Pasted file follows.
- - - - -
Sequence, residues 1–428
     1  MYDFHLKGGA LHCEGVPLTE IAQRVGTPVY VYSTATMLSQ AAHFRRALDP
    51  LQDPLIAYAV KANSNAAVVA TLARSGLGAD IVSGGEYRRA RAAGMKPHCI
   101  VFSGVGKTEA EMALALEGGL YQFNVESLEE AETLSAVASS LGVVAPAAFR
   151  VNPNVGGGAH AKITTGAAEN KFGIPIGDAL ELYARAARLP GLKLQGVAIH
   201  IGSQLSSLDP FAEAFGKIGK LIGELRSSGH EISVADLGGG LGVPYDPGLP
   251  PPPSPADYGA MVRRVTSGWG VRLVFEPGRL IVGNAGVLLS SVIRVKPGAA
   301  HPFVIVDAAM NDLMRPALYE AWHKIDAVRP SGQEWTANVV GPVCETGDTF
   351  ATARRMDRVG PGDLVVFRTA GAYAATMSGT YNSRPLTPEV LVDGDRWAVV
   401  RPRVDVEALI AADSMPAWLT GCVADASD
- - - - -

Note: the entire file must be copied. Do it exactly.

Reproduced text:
Sequence, residues 1–428
     1  MYDFHLKGGA LHCEGVPLTE IAQRVGTPVY VYSTATMLSQ AAHFRRALDP
    51  LQDPLIAYAV KANSNAAVVA TLARSGLGAD IVSGGEYRRA RAAGMKPHCI
   101  VFSGVGKTEA EMALALEGGL YQFNVESLEE AETLSAVASS LGVVAPAAFR
   151  VNPNVGGGAH AKITTGAAEN KFGIPIGDAL ELYARAARLP GLKLQGVAIH
   201  IGSQLSSLDP FAEAFGKIGK LIGELRSSGH EISVADLGGG LGVPYDPGLP
   251  PPPSPADYGA MVRRVTSGWG VRLVFEPGRL IVGNAGVLLS SVIRVKPGAA
   301  HPFVIVDAAM NDLMRPALYE AWHKIDAVRP SGQEWTANVV GPVCETGDTF
   351  ATARRMDRVG PGDLVVFRTA GAYAATMSGT YNSRPLTPEV LVDGDRWAVV
   401  RPRVDVEALI AADSMPAWLT GCVADASD